Hefferon: First-round games deserve holiday (March 20)
Jack Hefferon | Wednesday, March 20, 2013
Dearest professors of Thursday and Friday classes,
We’re not going.
Okay, well, we might have to. You might still take attendance, or make homework due, or something similarly buzzkilling. But really, you should have just cancelled tomorrow’s class already.
Why, you ask?
Well, it’s the opening holeshot of March Madness, a frenzy of 32 games in 36 hours that’s the most perfect two days of sports viewing around. From roughly noon to midnight, the basketball does not stop. Neither do the upsets, the craziness, the quirky small-school centers or the ridiculous mascots. (What would win in a fight, a Billiken or a Lobo?).
These aren’t the powerhouse matchups, the slugfests between teams full of lottery picks that decide who will cut down the nets and win championships. Those won’t start for a week or two.
Instead, Thursday and Friday are about the wild scrambles by teams that could never dream of making Final Fours, let alone Sweet 16s. There will be buzzer-beaters, blown calls, and absolutely indefensible decisions made by players and coaches – and that’s the fun of it. It’ll also wreck your bracket, but that’s okay too. You weren’t going to win, anyway.
Thursday and Friday is what college basketball is all about. The first round tests the toughness of every team, as schools from unknown conferences get their one shot at proving themselves to the world, and top seeds have to have the focus and drive to sidestep these underdogs’ best punch.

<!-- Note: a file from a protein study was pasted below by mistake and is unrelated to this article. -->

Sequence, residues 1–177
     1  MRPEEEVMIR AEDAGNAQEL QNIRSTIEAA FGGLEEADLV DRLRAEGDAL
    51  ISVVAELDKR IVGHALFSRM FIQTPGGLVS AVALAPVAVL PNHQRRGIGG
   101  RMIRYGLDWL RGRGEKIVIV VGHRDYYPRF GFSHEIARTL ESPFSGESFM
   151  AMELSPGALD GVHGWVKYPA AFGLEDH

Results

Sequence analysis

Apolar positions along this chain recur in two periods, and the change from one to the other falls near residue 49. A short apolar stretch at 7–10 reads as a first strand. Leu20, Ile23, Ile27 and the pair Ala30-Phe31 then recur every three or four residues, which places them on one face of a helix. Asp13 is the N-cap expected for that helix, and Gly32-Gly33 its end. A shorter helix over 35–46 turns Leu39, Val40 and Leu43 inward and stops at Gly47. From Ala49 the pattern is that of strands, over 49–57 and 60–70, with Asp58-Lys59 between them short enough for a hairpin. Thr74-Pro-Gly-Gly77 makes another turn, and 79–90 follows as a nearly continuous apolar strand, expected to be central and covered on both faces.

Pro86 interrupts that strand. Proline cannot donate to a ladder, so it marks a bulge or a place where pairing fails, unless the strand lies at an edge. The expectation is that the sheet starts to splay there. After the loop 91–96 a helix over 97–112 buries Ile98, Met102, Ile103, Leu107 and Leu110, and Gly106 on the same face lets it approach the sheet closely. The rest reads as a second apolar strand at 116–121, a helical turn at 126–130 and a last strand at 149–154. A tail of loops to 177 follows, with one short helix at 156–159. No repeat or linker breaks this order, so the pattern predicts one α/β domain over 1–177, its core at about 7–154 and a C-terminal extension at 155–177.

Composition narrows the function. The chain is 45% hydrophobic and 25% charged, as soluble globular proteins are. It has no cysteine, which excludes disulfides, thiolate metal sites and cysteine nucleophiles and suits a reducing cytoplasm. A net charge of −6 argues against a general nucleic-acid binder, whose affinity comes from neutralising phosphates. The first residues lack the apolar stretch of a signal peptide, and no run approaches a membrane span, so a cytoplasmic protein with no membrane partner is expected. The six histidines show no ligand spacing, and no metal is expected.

(Important note: After the addition of the “First Four” play-in games a few years ago, the NCAA has since referred to Thursday and Friday’s first-round games as the “second round.” Almost everyone else agrees this is stupid. It is.)
And the best part about Thursday and Friday is that it’s been perfected over the past decade. Across four channels, every game is now shown on national TV in its entirety, but the times are staggered just enough that a fan with one TV can catch the dramatic finish to every game. (Though it’s better to have two or three screens if possible. Safety first.)
With so much joyful madness in one place, it only seems appropriate that a national holiday be declared for this four-day weekend, ensuring everyone is able to watch that next great 13-seed’s shining moment.
Professors, that’s where you come in. We trust you’ll do the right thing.
See you Monday.
Contact Jack Hefferon at email@example.com
The views expressed in this Sports Authority are those of the author and not necessarily those of The Observer.